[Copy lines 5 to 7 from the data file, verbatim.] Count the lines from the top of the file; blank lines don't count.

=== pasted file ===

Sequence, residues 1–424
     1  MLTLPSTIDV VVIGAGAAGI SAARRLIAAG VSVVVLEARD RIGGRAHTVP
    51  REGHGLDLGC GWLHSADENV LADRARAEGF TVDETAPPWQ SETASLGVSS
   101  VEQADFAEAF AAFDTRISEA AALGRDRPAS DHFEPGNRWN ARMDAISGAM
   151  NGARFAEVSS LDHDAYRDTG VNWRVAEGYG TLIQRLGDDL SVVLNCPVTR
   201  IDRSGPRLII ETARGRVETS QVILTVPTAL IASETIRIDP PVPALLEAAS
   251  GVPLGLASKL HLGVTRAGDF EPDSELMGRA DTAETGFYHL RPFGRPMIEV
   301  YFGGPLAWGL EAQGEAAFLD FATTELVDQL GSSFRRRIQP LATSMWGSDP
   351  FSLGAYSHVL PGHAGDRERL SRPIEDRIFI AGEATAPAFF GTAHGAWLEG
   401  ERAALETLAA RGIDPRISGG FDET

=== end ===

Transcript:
   151  NGARFAEVSS LDHDAYRDTG VNWRVAEGYG TLIQRLGDDL SVVLNCPVTR
   201  IDRSGPRLII ETARGRVETS QVILTVPTAL IASETIRIDP PVPALLEAAS
   251  GVPLGLASKL HLGVTRAGDF EPDSELMGRA DTAETGFYHL RPFGRPMIEV